Interview: Paul Carrack


The voice of many hits for many different artists over the last forty years, and a session musician on even more, Paul Carrack has just released his latest solo album, Good Feeling. 17 Seconds finds a man who shows no signs of stopping, and who is very modest about what he has achieved in the music business.

I start by asking him about his new record. How long did he work on Good Feeling for?

‘I did it in two stints,’ he reveals. ‘I did five tracks before our last tour, and then I picked it up after the tour. Three or four months. I did it all myself,’ he says.’

I ask -as someone how has worked with a number of producers over the years -how he finds producing himself.

‘Producing’s a funny thing,’ he says refletively. Working in his own studio at home, ‘I go in and mess around until it’s ready. I play a bit of everything,’ but reveals that he doesn’t mix his albums as he feels he doesn’t have the competence (his word, not mine). He is full of praise for Robert Cobb, whose task it was to mix the album.

His first big break was in the mid-seventies, when as lead singer of Ace, he scored his first hit with ‘How Long?’ One of the few pub rock bands to make it in the states, he also had a meeting with a man called Jake Riviera which would prove fortuitous several years down the line, when the young Riviera was the roadie for another pub rock band called Chili Willi and the Red Hot Peppers. Ace went to the States – but when they came back punk and new wave was taking off. And Paul decided to work a session musician.

One of the acts that he worked with closely was the reinvigorated Roxy Music, on their hat trick of albums that was Manifesto, Flesh and Blood and Avalon. He doesn’t elaborate greatly on this period, commenting that ‘During the Roxy Music Period, I was trying to develop as a musician. The guys I respected were session muscians.’ Rather than being a full-time member of the band he says that he ‘toured with them. We were a bit sniffy about playing with Roxy Music, we thought of ourselves as jazz and blues players.’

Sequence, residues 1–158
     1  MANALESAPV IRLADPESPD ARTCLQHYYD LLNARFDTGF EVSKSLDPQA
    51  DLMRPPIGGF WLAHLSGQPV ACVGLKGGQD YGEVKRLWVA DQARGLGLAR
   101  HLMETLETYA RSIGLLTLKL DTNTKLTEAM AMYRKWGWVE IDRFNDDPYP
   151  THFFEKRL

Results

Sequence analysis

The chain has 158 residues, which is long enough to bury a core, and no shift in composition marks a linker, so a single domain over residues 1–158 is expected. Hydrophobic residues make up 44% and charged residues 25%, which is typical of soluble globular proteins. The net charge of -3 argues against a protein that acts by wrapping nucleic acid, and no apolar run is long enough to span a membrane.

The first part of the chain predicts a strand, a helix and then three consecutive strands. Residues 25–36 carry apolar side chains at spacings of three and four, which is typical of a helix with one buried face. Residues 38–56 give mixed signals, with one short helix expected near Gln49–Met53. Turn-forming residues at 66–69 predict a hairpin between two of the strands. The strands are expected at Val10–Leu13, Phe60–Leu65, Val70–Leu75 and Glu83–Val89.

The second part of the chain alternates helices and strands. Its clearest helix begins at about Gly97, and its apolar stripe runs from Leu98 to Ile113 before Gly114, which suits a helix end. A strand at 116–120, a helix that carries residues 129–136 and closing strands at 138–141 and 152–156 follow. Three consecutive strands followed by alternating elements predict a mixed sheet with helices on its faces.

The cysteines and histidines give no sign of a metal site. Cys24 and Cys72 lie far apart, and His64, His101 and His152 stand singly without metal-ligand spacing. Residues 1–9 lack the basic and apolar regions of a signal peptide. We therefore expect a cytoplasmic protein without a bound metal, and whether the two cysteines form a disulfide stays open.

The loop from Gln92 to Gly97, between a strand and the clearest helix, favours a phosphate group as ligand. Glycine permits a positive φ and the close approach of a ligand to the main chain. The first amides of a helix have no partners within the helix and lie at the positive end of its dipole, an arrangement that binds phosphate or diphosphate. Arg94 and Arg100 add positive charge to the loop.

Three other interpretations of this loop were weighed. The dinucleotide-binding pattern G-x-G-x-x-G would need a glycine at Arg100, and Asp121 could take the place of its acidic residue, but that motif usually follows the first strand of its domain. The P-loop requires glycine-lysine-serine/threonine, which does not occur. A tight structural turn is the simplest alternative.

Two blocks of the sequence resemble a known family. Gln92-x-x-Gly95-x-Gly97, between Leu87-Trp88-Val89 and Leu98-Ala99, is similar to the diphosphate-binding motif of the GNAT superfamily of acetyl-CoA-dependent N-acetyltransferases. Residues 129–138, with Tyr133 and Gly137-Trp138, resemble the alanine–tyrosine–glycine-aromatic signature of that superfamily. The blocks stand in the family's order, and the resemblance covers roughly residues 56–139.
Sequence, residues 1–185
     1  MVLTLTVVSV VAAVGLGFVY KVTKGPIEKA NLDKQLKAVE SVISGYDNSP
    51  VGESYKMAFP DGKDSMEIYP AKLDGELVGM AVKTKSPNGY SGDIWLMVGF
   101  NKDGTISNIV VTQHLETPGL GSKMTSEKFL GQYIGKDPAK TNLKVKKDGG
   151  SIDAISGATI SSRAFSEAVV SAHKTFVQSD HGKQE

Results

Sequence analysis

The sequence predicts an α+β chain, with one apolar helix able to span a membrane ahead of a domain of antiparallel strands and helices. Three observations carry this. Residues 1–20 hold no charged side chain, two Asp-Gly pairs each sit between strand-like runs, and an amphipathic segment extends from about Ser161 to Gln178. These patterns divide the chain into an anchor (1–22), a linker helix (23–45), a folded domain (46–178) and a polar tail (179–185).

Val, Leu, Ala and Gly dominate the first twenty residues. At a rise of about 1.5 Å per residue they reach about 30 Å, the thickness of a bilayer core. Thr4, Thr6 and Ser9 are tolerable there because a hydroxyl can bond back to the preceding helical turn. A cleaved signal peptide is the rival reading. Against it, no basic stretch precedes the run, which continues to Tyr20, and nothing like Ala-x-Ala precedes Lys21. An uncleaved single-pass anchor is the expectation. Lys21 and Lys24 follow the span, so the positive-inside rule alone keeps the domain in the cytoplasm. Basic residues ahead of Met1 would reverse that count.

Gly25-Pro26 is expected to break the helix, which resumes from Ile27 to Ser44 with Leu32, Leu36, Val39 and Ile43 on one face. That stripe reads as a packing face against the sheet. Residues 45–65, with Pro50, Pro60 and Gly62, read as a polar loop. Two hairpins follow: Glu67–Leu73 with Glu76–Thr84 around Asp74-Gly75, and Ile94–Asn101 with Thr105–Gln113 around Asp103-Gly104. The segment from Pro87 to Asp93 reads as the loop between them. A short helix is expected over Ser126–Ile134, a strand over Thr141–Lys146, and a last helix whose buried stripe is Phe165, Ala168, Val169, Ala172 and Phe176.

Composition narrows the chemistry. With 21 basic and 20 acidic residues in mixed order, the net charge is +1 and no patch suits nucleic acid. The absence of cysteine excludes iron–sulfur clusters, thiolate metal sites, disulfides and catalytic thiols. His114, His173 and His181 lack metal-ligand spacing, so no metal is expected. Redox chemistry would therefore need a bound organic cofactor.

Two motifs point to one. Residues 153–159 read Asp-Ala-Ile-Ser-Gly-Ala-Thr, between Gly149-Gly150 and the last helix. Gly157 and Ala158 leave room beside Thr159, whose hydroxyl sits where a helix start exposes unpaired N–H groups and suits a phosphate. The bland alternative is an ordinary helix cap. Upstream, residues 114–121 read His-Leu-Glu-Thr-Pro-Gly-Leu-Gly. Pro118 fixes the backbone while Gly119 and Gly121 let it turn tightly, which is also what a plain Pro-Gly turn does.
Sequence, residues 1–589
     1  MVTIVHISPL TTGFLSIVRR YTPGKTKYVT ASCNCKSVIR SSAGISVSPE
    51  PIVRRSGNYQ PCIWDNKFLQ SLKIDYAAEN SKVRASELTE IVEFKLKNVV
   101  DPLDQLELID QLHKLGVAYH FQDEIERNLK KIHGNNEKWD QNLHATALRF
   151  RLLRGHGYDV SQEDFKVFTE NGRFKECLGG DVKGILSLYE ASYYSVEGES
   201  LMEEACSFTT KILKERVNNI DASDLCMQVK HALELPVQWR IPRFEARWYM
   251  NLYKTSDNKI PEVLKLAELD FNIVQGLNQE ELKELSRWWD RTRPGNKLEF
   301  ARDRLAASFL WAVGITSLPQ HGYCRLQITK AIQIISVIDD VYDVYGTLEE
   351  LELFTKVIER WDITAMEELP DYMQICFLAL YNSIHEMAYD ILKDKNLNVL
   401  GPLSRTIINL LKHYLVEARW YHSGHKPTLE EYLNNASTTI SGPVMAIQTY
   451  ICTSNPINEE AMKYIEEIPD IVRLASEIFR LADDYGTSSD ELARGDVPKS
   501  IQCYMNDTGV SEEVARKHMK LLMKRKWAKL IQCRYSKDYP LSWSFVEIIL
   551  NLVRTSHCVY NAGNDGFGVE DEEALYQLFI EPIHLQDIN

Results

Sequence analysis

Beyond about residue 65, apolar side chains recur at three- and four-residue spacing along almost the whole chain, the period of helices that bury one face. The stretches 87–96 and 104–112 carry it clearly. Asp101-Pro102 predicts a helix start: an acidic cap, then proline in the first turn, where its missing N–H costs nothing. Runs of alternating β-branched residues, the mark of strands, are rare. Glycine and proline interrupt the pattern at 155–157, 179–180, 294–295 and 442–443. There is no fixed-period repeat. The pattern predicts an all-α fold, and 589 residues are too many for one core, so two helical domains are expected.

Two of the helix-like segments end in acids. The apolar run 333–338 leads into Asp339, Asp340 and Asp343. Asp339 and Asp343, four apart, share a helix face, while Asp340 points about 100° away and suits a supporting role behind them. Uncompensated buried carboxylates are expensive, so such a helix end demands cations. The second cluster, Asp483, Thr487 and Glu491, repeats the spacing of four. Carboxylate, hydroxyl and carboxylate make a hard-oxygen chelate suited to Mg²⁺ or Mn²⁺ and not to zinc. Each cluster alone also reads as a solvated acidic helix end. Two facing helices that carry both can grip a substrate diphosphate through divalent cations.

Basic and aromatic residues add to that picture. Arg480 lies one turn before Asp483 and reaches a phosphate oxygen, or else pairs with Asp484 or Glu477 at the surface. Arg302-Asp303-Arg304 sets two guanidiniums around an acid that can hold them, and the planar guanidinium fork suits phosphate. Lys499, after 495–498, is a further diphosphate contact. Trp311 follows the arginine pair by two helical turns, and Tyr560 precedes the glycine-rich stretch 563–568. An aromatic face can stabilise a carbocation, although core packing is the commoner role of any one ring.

Nevertheless, the session work continued. He knew producer John Porter, who was working on the debut album by a then emerging Manchester band called The Smiths. ‘Just the one session!’ he explains. He also played with The Pretenders around the same time, featuring on the single ‘Thin Line Between Love And Hate’ from their third album Learning To Crawl.

But he also joined another established band, Squeeze, featuring as lead vocalist on one of their best known songs ‘Tempted.’ I ask if he was Squeeze’s first choice to replace Joolz Holland.

‘No, I was the last port of call!’ he laughs. At the time, Squeeze had split from their then-manager Miles Copeland -then riding high with The Police (for who his brother Stewart was the drummer). Jake Riviera – the one-time roadie for Chili Willi- had by now been involved with setting up Stiff Records and becoming Elvis Costello’s manager. Incidentally, the latter was producing the Squeeze album East Side Story. ‘It was Elvis’ call,’ he remembers, of the decision for him to take lead on ‘Tempted.’ ‘Squeeze had already recorded a version with Dave Edmunds that sounded like Supertramp!’ Although he left Squeeze after East Side Story, he returned to the fold for the Some Fanatastic Place album in the nineties, and returned once more to sing ‘Tempted’ on the Spot The Difference album in 2010.

But, despite the number of acts that he has worked with, he’s keen to point out that ‘the stuff that represents me is the solo stuff,’ and indeed he has had a career as a solo artist since the early 1980s. With Good Feeling featuring him holding a guitar, I ask if he considers himself more of a guitarist or keyboardist.

‘Well, I started out on drums!’ he explains, ‘then I sold my drums to buy an organ. I play more guitar live, it’s less of a barrier!’ He’s modest enough to describe himself as a ‘Jack Of All Trades’ but it’s clear that as a singer, musician and songwriter he’s certainly seen and done a lot over the past four decades, and that he’s happiest plying his trade as Paul Carrack, producing his own brand of blue-eyes soul.

Good Feeling is out now on Carrack-UK.

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